28 April 2005

S2M-2736 Criminal Justice Services

Scottish Parliament

Thursday 28 April 2005

[THE PRESIDING OFFICER opened the meeting at 09:15]

... ... ...

Criminal Justice Services

The Deputy Presiding Officer (Murray Tosh): The next item of business is a debate on motion S2M-2736, in the name of Cathy Jamieson, on supporting safer, stronger communities and the reform of Scotland's criminal justice services.

I think that Cathy Jamieson is just about ready.


... ... ...


Stewart Stevenson (Banff and Buchan) (SNP): In this debate, we find much on which we are prepared to agree with the Executive, certainly on matters of policy. I suspect—because as yet I have heard nothing to the contrary—that the Executive finds much of our amendment acceptable and in line with its thinking. On that basis, I hope that it will extend its intellectual agreement to a voting agreement at 5 o'clock. However, we shall see—that is not the most important thing in the debate.

The minister opened her contribution by talking about safer communities. I am glad to say—although I have a slight suspicion about things that Patrick Harvie said—that no member has suggested that the policy should be that there should be less safe communities. Therefore, we can start with agreement about that.

The minister correctly focused on the scourge of drugs and drug addiction, which are at the heart of much of the crime that blights our communities. She referred to dealing with

"gangs at home and abroad".

I was particularly interested in her mentioning dealing with gangs abroad. Perhaps Hugh Henry—who I understand will sum up—will say at least two sentences about that matter, as I am particularly interested in it.

Many members have referred to knife crime. Like everyone else, I am deeply concerned about the effects of knife crime. However, we must focus on people who commit knife crime, rather than on the weapon itself, because once getting hold of knives has been made more difficult, much knife crime is likely to be committed by people using a knife out of the kitchen drawer, as Gordon Jackson suggested, or a knife that has been obtained by legal means. After all, strenuous efforts to improve gun control have not necessarily reduced the use of guns by criminals, who obtain guns by other means. The issue is a person's state of mind and their preparedness to commit crime.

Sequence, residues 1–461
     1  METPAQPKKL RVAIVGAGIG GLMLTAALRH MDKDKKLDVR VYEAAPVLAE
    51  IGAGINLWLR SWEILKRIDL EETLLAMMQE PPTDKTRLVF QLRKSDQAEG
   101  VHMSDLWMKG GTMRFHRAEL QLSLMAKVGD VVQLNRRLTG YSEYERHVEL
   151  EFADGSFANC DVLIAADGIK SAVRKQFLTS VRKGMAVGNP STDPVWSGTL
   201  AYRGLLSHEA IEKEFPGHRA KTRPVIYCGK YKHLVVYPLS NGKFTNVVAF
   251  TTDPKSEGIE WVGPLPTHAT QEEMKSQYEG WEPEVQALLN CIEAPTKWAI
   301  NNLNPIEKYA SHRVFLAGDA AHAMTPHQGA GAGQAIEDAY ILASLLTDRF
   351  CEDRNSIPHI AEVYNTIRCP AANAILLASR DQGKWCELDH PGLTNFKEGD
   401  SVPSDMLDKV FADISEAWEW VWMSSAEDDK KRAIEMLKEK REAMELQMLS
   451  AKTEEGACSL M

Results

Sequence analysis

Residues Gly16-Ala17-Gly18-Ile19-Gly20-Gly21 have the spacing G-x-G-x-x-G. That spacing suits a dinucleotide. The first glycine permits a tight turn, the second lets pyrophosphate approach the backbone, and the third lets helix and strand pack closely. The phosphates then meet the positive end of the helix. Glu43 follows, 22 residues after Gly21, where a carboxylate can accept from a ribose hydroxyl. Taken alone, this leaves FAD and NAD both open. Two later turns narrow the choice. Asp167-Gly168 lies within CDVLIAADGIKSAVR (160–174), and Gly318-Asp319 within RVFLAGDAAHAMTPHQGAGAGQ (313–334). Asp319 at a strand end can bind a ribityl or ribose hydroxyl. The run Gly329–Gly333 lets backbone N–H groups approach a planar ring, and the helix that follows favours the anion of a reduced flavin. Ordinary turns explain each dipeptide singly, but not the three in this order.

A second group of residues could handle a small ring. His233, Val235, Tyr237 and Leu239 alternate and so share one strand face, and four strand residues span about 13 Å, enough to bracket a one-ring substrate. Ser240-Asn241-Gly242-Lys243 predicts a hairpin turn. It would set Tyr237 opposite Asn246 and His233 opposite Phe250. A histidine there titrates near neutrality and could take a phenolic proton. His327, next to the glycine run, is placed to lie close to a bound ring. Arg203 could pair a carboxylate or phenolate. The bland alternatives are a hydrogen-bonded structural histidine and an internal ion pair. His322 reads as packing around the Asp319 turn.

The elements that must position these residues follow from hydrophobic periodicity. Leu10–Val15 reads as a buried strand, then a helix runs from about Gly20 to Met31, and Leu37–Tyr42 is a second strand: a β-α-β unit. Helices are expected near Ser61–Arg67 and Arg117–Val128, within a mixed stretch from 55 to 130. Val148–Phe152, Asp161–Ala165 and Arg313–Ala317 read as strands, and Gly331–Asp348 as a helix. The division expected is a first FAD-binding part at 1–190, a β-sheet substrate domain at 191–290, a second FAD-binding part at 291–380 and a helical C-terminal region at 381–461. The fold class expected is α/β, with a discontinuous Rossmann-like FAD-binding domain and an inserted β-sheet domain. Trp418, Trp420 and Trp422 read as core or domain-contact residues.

The minister referred to reoffending, which is a subject that is fraught with difficulties. In the past five days, I have received a couple of parliamentary answers on the matter. I asked a question about reconvictions after two years and after four years—members should note that I said "reconvictions" rather than "reoffending", as there is a difference between the two. The most recent figures for those periods are for 1999. There is a paucity of figures, but I believe that more is being done that may help.

There is an interesting issue that we might consider. For Scotland overall, the reconviction rate within four years is 71 per cent. For crimes of indecency, the figure is 22 per cent. Superficially, that sounds like good news in relation to indecency, but it is particularly difficult to obtain convictions for a number of crimes that come under that heading, both in the first place and in the second place.